Some things in life are way more complicated than they need to be. Buying a mattress, for example. I walked into a store and the sales guy asked me, “Are you thinking about an innerspring, foam, gel, air, water, memory foam or pillow-top mattress?” “Wow, uh, I’m just thinking of something rectangular, a little bigger than me – you know, something I can lie on,” I replied. Choosing a mattress is second in complexity only to choosing a postsecondary school – and figuring out how to pay for that education. Here are a few thoughts on postsecondary education to consider if you have a child or grandchild who’s a student.
Saving for retirement is your first priority
Many people ask whether they should pause their retirement savings to pay for their kids’ postsecondary education. My view is that your retirement savings are a higher priority. There are no scholarships, grants or government-guaranteed loans for your retirement as there are for your child’s education. And if your employer matches contributions to a retirement plan for you, it wouldn’t be wise to give up those dollars by redirecting your savings to your child’s education. Let’s face it, you won’t want to fund the education of your kids if that causes your children to have to support you in retirement later. There may be better options to paying for that education than forgoing your retirement savings.
Grandparents can be a big help
If you’re a grandparent with grandchildren attending postsecondary school, consider whether you can help with some of those costs. Transferring assets to the next generation(s) can be a great estate-planning tactic since it will reduce the value of your estate upon your death. This will reduce taxes and probate fees that might otherwise be owing at that time. Your best bet may be to contribute to a registered education savings plan (RESP) for the grandkids. These contributions can attract Canada Education Savings Grants (CESGs – equal to 20 per cent of your contributions to the RESP, up to $500 annually on contributions of $2,500) from the government. If you set up an RESP that is a family plan, you can name all of your grandchildren as beneficiaries, so that if one or more choose not to attend school, the funds will be available to the others. Make sure you speak to your own children (the parents of the student) to talk about your desire to help. If your own children are also contributing to an RESP for their kids, then CESGs might not be paid out on all of the contributions. Co-ordinating with them so that $2,500 is contributed by all of you combined each year will maximize the CESGs.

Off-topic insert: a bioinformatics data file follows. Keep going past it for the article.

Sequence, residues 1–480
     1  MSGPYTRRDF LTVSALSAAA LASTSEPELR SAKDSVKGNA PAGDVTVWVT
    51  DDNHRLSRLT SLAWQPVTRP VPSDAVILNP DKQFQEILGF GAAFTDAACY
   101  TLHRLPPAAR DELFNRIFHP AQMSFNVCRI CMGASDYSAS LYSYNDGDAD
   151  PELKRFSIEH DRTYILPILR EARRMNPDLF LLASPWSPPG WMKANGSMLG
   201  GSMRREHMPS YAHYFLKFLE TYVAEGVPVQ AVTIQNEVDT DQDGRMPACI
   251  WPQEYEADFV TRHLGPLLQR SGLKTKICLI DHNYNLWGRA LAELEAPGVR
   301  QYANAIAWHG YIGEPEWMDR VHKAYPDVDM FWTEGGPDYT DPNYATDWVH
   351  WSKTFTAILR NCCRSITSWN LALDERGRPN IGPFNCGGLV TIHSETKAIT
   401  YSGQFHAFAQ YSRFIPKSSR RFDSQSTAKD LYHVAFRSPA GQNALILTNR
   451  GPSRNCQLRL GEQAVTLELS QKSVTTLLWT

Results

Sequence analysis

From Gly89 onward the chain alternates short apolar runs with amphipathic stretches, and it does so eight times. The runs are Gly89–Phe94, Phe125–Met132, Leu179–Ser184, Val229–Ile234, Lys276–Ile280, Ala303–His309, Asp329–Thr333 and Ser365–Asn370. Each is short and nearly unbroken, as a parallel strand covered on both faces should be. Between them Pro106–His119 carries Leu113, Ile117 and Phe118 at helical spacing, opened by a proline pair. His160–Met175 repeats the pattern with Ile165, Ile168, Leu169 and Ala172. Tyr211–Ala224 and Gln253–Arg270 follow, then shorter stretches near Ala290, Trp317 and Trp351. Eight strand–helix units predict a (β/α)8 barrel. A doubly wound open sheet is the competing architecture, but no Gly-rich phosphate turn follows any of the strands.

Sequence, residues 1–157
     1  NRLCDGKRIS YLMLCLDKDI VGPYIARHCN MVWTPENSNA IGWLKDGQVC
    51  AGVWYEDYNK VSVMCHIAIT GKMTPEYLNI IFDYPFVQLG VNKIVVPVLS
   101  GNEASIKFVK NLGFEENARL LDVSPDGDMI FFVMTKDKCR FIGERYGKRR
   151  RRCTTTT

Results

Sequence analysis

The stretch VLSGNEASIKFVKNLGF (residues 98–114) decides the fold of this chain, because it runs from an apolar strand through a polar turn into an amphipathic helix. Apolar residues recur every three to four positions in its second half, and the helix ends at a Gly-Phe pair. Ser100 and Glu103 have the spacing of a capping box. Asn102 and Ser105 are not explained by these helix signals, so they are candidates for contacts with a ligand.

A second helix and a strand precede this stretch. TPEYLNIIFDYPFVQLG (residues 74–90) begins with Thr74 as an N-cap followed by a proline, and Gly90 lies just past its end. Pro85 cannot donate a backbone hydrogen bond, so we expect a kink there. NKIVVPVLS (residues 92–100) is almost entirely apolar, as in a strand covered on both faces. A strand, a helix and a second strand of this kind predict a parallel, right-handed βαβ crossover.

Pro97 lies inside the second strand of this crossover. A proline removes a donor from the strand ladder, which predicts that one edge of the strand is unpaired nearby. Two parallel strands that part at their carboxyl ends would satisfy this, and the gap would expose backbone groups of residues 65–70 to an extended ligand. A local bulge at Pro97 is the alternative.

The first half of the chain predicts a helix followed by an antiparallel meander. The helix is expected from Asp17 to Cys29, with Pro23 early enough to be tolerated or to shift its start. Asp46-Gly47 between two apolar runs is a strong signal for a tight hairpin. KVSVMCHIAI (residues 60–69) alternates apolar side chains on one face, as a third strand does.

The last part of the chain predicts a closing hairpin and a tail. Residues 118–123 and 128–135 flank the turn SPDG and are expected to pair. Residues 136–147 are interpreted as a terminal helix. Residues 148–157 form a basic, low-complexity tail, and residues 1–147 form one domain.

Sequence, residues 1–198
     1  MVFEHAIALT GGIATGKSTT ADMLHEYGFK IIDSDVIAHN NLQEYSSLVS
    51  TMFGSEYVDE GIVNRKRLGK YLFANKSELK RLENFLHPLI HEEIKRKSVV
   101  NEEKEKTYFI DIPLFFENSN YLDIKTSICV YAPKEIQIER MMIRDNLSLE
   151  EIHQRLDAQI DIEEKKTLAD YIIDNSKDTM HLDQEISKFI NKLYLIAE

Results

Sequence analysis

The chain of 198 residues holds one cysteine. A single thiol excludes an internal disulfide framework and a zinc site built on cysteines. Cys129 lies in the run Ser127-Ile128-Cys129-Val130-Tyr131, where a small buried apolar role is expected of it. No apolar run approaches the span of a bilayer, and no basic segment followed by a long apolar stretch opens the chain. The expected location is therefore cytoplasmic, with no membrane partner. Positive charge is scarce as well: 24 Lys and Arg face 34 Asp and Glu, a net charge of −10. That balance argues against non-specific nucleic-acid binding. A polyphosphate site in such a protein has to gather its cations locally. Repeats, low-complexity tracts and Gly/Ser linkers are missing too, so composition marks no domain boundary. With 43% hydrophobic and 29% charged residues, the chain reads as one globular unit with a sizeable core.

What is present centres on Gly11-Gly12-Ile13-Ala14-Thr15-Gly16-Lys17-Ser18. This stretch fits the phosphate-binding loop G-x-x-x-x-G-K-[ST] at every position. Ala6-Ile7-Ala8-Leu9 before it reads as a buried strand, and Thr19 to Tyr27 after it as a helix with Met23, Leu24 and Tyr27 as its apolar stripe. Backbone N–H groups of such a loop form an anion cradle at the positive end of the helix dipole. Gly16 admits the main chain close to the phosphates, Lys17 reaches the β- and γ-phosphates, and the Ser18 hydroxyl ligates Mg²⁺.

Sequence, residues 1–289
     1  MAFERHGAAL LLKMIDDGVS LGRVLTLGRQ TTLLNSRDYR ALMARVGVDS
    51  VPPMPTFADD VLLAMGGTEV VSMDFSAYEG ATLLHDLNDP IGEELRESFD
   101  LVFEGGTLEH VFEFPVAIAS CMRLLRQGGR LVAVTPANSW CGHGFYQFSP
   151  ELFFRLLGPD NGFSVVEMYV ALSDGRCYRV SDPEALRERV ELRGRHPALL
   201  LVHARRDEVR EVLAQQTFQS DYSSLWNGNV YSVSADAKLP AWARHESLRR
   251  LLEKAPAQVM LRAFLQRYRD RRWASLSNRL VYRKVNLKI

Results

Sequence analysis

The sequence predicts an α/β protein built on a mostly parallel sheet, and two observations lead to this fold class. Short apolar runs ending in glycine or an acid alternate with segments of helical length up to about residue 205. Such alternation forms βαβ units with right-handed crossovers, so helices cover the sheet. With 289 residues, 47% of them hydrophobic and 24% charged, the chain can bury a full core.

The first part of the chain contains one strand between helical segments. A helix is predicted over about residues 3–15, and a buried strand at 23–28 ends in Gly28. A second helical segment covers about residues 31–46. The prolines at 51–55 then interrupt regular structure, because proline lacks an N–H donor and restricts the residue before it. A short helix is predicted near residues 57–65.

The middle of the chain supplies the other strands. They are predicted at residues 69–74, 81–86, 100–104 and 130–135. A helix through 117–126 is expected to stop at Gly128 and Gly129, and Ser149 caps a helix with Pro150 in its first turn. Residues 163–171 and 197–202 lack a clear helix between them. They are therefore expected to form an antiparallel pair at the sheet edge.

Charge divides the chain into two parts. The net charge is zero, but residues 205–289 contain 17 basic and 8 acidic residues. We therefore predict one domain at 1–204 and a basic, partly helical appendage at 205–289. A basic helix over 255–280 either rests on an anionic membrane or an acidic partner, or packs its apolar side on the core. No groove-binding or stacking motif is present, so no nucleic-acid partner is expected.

Establish an education budget
You should have some idea as to what it will cost for your child to attend postsecondary school. Tuition can vary widely, depending on the type, location and program of study. As a start, consider the averages across Canada: Tuition – $6,500; books and supplies – $2,000; accommodation – $7,500; food – $4,500; transportation and personal costs – $3,500. That totals about $24,000 for each school year, for a child living away from home. This is $96,000 for a four-year degree or diploma. Living at home will save big bucks. Once you know the estimate of total costs for the years your child will be in school, then it’s time to creating a funding plan.
Create an education funding plan
I’ve written before about the five ways to pay for an education: begging (looking for scholarships, grants, awards or bursaries), borrowing (try your provincial student-loan program first), stealing (this involves liquidating your other assets to pay for school, whether it’s retirement savings or other assets – this should be your last resort), sweating (having your child earn income during the summer months and part-time during school to help cover costs) and saving (the surest way to pay for that education).
Be mindful of tax breaks for students
Every tax break will put a little more money in your pocket – or the student’s. Consider the tuition, education and textbook tax credits (the last two will be eliminated Jan. 1, 2017, but the tuition credit will remain); exemption for scholarships, bursaries and fellowships; student-loan interest credits; moving expenses; public transit credits; the lifelong learning plan (allows withdrawals from an RRSP to pay for school – for you or your spouse or common-law partner, but not your child – under certain conditions); and the GST/HST credit worth up to about $276 this year just for being 19 years of age and filing a tax return.
Tim Cestnick, FCPA, FCA, CPA(IL), CFP, TEP, is an author and founder of WaterStreet Family Offices.Report Typo/Error
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